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Use of medical emergency team (MET) responses to detect medical errors
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  1. R S Braithwaite3,
  2. M A DeVita1,
  3. R Mahidhara2,
  4. R L Simmons2,
  5. S Stuart4,
  6. M Foraida4,
  7. and members of the Medical Emergency Response Improvement Team (MERIT)*
  1. 1Patient Safety Program, Department of Critical Care Medicine, University of Pittsburgh Medical Center Presbyterian Hospital, Pittsburgh, PA, USA
  2. 2Patient Safety Program, Department of Surgery, University of Pittsburgh Medical Center Presbyterian Hospital, Pittsburgh, PA, USA
  3. 3Patient Safety Program, Department of Internal Medicine, University of Pittsburgh Medical Center Presbyterian Hospital, Pittsburgh, PA, USA
  4. 4University of Pittsburgh Medical Center Presbyterian Hospital, Pittsburgh, PA, USA
  1. Correspondence to:
 Dr M A DeVita
 University of Pittsburgh Medical Centre Presbyterian Hospital, 200 Lothrop Street, Pittsburgh, PA 15213, USA; devitammsx.upmc.edu

Abstract

Background: No previous studies have investigated whether medical emergency team (MET) responses can be used to detect medical errors.

Objectives: To determine whether review of MET responses can be used as a surveillance method for detecting medical errors.

Methods: : Charts of all patients receiving MET responses during an 8 month period were reviewed by a hospital based Quality Improvement Committee to establish if the clinical deterioration that prompted the MET response was associated with a medical error (defined as an adverse event that was preventable with the current state of medical knowledge). Medical errors were categorized as diagnostic, treatment, or preventive errors using a descriptive typology based on previous published reports.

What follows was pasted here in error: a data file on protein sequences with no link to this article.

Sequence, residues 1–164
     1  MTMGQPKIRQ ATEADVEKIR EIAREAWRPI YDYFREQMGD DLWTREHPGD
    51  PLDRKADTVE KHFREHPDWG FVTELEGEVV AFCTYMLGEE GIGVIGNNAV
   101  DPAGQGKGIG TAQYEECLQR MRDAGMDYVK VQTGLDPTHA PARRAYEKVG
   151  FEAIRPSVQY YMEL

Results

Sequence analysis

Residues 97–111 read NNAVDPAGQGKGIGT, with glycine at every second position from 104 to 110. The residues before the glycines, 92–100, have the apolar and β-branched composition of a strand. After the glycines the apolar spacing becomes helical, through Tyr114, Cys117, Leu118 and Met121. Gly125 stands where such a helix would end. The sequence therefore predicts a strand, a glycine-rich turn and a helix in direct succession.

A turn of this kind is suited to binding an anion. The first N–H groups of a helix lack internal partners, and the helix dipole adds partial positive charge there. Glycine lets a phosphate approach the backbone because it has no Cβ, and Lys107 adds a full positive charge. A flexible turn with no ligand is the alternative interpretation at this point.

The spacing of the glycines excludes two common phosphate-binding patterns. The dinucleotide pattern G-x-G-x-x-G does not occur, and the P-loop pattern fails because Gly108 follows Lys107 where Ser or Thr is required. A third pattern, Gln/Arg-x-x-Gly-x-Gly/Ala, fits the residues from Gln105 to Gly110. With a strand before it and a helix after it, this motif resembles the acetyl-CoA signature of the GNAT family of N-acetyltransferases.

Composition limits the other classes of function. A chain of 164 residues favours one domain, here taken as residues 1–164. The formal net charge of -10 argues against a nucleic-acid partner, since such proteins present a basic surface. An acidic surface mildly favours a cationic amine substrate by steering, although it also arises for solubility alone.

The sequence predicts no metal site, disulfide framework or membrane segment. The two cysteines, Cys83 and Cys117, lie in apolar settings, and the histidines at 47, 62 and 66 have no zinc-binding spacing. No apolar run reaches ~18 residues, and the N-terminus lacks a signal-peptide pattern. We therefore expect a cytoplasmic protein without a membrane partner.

Results: Three hundred and sixty four consecutive MET responses underwent chart review and 114 (31.3%) were associated with medical errors: 77 (67.5%) were categorized as diagnostic errors, 68 (59.6%) as treatment errors, and 30 (26.3%) as prevention errors. Eighteen separate hospital care processes were identified and modified as a result of this review, 10 of which involved standardization.

Conclusions: MET review may be used for surveillance to detect medical errors and to identify and modify processes of care that underlie those errors.

  • error detection
  • error prevention
  • medical emergency team
  • medical error

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Footnotes

  • * See end of article for list of members of Medical Emergency Response Improvement Team.

  • MERIT Committee: D Annonio RN, N Bircher MD, K Castelnuovo, C Colleen, K Drain, G Gotaskie RN, W Grbach RN, C Griffin RN, L Haas RN, J Hanna RN, C Herisko MSN, RN, M Hudak RN, D Konop RN, J Kowiatek PharmD, P Matthews RN, J McWilliams RN, N Mininni MSN, RN, V Mossesso MD, P Natale RN, P O’Driscoll, J Phillips, C Schollee RN, D Shearn RN, T Smitherman MD, S Svec RN, V Tappe RN, A Towers MD, J Turka RN, D Zimmer RN.

  • See editorial commentary, p 247

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